Advertisement

Louisiana is already aiding storms victims in northeast U.S.

Published: Oct. 30, 2012 at 10:14 PM CDT|Updated: Nov. 6, 2012 at 11:19 PM CST
Email This Link
Share on Pinterest
Share on LinkedIn

New Orleans, La. — Hurricane Sandy victims are already getting help from Louisiana.

The scenes of massive storm surges are all too familiar for people through southeast Louisiana.

Hurricane Sandy not only whipped up the eastern seaboard's sandy coastline, but in many areas it sent floodwaters racing towards homes.

"You can't help but be drawn back to Isaac, Gustav, Ike, Rita, Katrina and put yourself in the shoes of the people," said Kay Wilkins, CEO of the Southeast Louisiana Chapter of the American Red Cross.

Indeed, it was not so long ago that Hurricane Isaac battered metro New Orleans for days, swamping parts of the area with floodwaters.  And although the storm recovery is not over here, Wilkins is confident Louisiana residents will open their hearts and wallets to help those hit hard north of this area.

"Who better can understand how much it means to have a hot meal put into your hands, or a warm blanket wrapped around your shoulder?" asked Wilkins.

Already 11 of the local Red Cross volunteers are in the northeast, where millions remain without electricity.  Entergy New Orleans, which worked around the clock to restore electrical power after Isaac, said it has so far sent 300 workers to assist with power restoration in the northeast.

Meanwhile, a spokesman for the U.S. Army Corps of Engineers said the New Orleans District Office is sending an emergency management specialist to the storm wreckage area, and the Corps said it will send supplies and more personnel if needed.

At the state level, the Jindal administration said four staff members from the Governor's Office of Homeland Security and Emergency Preparedness (GOHSEP) are already assisting storm recovery efforts in Pennsylvania.  And the Jindal administration said some others will head to Maryland once travel conditions permit.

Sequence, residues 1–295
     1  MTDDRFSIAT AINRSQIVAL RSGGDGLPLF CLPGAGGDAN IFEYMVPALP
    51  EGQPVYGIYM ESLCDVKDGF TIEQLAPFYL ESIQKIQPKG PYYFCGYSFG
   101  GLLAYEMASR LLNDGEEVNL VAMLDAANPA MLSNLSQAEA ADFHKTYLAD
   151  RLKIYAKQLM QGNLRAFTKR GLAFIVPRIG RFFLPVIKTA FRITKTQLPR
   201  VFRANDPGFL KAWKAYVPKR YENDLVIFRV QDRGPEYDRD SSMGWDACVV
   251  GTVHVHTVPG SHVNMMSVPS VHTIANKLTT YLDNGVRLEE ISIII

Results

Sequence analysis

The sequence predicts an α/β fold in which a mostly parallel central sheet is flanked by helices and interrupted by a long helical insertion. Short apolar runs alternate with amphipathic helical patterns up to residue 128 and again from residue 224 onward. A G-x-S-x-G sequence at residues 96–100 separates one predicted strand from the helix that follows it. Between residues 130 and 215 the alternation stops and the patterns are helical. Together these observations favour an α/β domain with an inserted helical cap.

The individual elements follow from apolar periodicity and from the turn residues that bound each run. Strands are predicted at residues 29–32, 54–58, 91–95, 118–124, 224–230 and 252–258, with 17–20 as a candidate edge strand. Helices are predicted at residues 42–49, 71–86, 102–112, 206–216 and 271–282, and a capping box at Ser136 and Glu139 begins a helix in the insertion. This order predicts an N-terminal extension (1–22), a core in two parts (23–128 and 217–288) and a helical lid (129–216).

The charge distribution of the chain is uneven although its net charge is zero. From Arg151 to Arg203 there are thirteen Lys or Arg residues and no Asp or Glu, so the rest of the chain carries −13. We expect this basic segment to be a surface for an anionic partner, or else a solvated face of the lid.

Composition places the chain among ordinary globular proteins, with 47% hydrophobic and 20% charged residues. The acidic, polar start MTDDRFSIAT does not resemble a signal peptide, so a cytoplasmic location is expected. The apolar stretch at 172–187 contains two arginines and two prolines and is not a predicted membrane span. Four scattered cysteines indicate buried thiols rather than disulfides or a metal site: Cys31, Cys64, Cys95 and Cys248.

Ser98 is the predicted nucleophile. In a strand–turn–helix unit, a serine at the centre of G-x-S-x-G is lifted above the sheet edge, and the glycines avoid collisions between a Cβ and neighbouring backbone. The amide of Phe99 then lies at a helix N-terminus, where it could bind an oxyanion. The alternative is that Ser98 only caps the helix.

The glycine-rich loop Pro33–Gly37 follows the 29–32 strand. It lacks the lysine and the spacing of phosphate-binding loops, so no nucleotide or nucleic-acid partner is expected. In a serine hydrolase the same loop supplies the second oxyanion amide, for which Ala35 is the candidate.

Also, a shelter management team from Louisiana is on standby. Additionally, Jindal's staff said they have been in contact with all states impacted by the storm to offer assistance.

While no NOPD officers or New Orleans firefighters have been sent to the northeast, Ryan Berni, spokesman for Mayor Mitch Landrieu, said the city has reached out to mayors in affected cities in the northeast -- so far there are no specific requests for assistance.

FEMA said Tuesday that none of the Isaac relief workers have been pulled from here to work in areas impacted by Sandy.

As for the local Red Cross office, Wilkins said 25 additional local volunteers are itching to head north.

"They've had their bags packed. They're sitting on go… And we're making preparations to send our big Red Cross truck. They're going to drive to New York or New Jersey or Philadelphia, wherever the need is," she said.

The Red Cross is accepting monetary donations. And locals interested in becoming volunteers should go online to ARCNO.org or call (504) 620-3105.

Meanwhile, Catholic Charities spokeswoman Margaret Dubuisson said, while they are supporting the northeast storm victims through continued prayer, currently they are dealing with the enormous ongoing needs resulting from Hurricane Isaac.